These are some seriously delicious brownies. And from what I remember, even better than the ones I made years ago. The investment of time searching for a 'new' recipe turned out to be a great use of my discretionary time. February 10th in National Cream Cheese Brownie Day, but I wouldn't wait until next year to make these Marbled Cheesecake Brownies. And, if by chance, you are looking for a way to extend a kindness to someone you value and treasure as a friend, especially a chocolate and cheesecake loving friend, a plate of these brownies would speak volumes.

Marbled Cheesecake Brownies (modified version of King Arthur Flour's Chocolate Cheesecake Brownies)

Brownie Batter
1 cup (16 Tablespoons) unsalted butter
2 1/4 cups granulated sugar
1 1/4 cups dutch process cocoa
1 teaspoon kosher salt
1 teaspoon baking powder
1 teaspoon espresso powder
1 Tablespoon vanilla
4 large eggs, room temperature
1 cup all purpose flour (recommend King Arthur's flour)
2 cups semisweet or bittersweet chocolate chips (54-60% cocoa) (Recommend Ghiradelli Bittersweet 60% Cocoa Chocolate Chips)

Cheesecake Batter
16 ounces cream cheese, room tempeature
3/4 cup granulated sugar
2 large eggs, room temperature
2 teaspoons vanilla
1/4 cup heavy cream
1/2 cup all-purpose flour (recommend King Arthur's flour)

1. Lightly spray and line a 9"x12" inch metal baking pan with parchment paper. Set aside.
2. Preheat oven to 350 degrees (F).
3. To make the cheesecake batter:
       a. In a standing mixer with a whisk attachment, beat the cream cheese until smooth and there are no lumps.
       b. Beat in granulated sugar.
       c. Beat in eggs one at a time until fully incorporated.
       d. Beat in vanilla and heavy cream until blended.
       e. On medium speed, blend in flour until fully incorporated. Set aside.
4. To make the brownie batter.
       a. In a large saucepan, melt the butter. Then stir in the sugar, cooking until mixture is smooth and shiny. Note: Stir constantly. This mixture will be thick.
       b. Remove from heat and stir in cocoa, salt, espresso powder, and vanilla until blended. Allow the mixture to cool slightly (approximately 3-5 minutes). Note: If mixture is too hot, the eggs will curdle. If the mixture is allowed to cool longer than 5 minutes, blending in the eggs will be slightly more difficult.
       c. Using a whisk, beat in eggs, one at a time, until blended.
       d. Whisk in flour and baking powder, stirring until smooth. Note: Batter will be very thick and possibly look a little grainy, but do not worry.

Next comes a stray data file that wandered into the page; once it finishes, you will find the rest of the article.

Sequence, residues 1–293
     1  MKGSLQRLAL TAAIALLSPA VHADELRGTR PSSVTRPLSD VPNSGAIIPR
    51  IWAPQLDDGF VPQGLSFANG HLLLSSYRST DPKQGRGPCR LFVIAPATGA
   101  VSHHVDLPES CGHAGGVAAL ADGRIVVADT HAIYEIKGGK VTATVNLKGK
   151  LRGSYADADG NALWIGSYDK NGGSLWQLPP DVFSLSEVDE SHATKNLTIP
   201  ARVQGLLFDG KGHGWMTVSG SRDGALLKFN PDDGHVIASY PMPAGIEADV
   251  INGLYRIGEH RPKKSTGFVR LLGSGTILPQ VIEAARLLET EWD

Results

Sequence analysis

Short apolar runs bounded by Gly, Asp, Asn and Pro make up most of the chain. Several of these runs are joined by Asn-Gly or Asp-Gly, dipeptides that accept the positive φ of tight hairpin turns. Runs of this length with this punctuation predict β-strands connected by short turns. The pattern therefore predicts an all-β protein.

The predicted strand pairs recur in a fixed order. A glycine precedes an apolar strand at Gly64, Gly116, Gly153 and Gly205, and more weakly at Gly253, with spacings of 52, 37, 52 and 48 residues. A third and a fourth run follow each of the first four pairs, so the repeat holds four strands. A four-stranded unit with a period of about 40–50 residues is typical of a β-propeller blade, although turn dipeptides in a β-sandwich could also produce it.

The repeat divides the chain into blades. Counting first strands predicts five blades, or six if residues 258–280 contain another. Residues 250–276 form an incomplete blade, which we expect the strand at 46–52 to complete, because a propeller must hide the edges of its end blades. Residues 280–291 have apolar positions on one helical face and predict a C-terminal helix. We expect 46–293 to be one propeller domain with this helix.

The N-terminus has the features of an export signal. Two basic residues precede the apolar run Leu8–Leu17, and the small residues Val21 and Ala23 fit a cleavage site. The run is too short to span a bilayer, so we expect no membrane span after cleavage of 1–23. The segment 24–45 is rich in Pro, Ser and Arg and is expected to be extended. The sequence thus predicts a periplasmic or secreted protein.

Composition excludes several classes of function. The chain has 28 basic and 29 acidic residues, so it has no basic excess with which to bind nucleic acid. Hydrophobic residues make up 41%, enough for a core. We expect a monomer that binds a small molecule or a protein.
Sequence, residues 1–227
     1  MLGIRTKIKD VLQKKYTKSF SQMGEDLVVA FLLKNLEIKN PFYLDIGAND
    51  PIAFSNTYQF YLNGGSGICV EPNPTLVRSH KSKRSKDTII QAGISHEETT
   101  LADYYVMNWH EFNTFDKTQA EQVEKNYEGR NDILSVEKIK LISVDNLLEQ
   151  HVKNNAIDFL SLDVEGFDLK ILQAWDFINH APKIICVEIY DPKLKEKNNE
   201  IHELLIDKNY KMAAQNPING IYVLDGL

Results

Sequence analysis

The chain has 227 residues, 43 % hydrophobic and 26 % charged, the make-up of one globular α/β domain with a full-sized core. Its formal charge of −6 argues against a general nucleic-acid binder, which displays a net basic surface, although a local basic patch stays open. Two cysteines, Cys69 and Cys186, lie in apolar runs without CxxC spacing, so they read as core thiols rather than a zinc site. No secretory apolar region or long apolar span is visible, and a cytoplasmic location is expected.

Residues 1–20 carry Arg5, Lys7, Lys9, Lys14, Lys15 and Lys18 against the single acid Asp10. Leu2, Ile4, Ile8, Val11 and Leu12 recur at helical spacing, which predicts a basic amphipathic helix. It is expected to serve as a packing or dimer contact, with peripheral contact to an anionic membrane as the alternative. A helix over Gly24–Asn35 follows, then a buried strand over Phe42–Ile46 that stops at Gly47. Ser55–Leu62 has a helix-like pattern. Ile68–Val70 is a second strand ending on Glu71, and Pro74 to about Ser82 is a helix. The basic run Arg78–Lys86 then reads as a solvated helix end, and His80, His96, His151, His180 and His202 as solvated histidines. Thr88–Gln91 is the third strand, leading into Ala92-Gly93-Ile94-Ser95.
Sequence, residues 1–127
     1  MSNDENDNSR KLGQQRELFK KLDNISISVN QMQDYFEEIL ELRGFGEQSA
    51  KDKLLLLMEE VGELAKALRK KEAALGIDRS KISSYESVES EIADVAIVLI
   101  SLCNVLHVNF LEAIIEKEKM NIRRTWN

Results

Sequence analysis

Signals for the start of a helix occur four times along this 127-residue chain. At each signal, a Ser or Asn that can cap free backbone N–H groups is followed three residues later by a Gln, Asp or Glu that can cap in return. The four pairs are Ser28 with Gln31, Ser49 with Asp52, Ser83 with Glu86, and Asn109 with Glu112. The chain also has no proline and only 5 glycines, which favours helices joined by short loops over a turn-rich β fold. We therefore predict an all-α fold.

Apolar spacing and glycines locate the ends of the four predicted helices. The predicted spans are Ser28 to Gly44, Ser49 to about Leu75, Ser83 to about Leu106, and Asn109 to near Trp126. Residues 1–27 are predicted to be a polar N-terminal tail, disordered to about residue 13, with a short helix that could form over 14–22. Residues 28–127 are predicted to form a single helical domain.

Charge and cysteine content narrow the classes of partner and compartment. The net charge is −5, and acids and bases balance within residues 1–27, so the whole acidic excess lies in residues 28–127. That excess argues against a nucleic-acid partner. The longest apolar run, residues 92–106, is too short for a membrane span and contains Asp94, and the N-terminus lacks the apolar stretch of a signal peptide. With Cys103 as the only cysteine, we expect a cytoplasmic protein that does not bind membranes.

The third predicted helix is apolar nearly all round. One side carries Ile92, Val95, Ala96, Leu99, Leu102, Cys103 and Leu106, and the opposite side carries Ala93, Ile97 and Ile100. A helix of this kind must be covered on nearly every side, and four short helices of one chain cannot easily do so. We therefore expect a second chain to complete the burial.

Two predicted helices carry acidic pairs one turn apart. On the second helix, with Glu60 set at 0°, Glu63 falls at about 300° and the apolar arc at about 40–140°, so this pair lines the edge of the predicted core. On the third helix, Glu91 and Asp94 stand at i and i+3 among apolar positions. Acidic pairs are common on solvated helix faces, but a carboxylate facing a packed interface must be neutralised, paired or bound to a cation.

e. Stir in chocolate chips. Note: If batter is slightly warm, the chips may begin to melt slightly. Again, not to worry.
5. Spoon half of the brownie batter into the prepared pan. Smooth with an offset spatula.
6. Pour cream cheese batter over brownie base layer.
7. Dollop remaining brownie batter on top of cheesecake layer. Using a fork or knife, swirl the two together. Note: Allow some of the cheesecake batter to show through. In other words, don't overswirl.
8. Bake for 45-50 minutes or until the top springs back when pressed lightly and edges are set. Note: Can test with a cake tester. Look for the tester to come out clean.
9. Remove from oven and cool to room temperature. Cover and chill at least 4 hours (or overnight) before cutting.
10. Serve slightly chilled. Store covered in the refrigerator.

Sheep at Harmony Home Farm, Little Compton, RI

Monday, May 9, 2016

Pistachio Dusted Goat Cheese Pears

I had been purposely avoiding going to some of my favorite landscape nurseries. Showing this kind of restraint knowing they are finally fully stocked with a wide array of beautiful as well as unusual annuals and perennials might seem, especially to those who claim they know me, to be a bit out of character. Admittedly, restraint isn't necessarily the word coming to mind when describing me. While change is always possible, my hesitancy cannot be attributed to a significant personality trait pendulum shift. Always lingering in the back of my mind at this time of the year is the sage old 'wait until after Mother's Day to plant' garden advice. Although with some dramatic changes to the climate in past years, I have begun to wonder whether this garden wisdom continues to be relevant. No, my hesitancy in planting all of the urns and hanging baskets can only be attributed to my inability to make the 'what I want their aesthetic look and feel to be this year.' decision. A weighty decision occurring annually as I have apparently yet to find that 'one to be replicated year after year' look. What this means is that I need to have some sort of vision before stepping foot inside into any gardening center. And finally, thankfully it came to me this weekend. A simple, mostly mono-chromatic look with some textural contrasts to create a kind of elegance on a small scale. In other words, various shades and textures of green along with some white flowers for the back and sides and hydrangeas in the urns gracing the front of the house.

My affinity for mono-chronicity is due in large part to a strong desire to create a sense of calm or a kind of zen-ness around me. Sort of as a way to balance out all of the chaos going on and running through my head. Mixed color flower arrangements have always been a little unnerving. So in my world, having to spend long periods of time in a mixed color garden would more than likely send me over the edge. Conversely, I am drawn to those gardens dominated by the tints, shades, and tones of green interspersed with flowers in a single color. Ones like Edith Wharton's gardens at The Mount in Lenox, Massachusetts.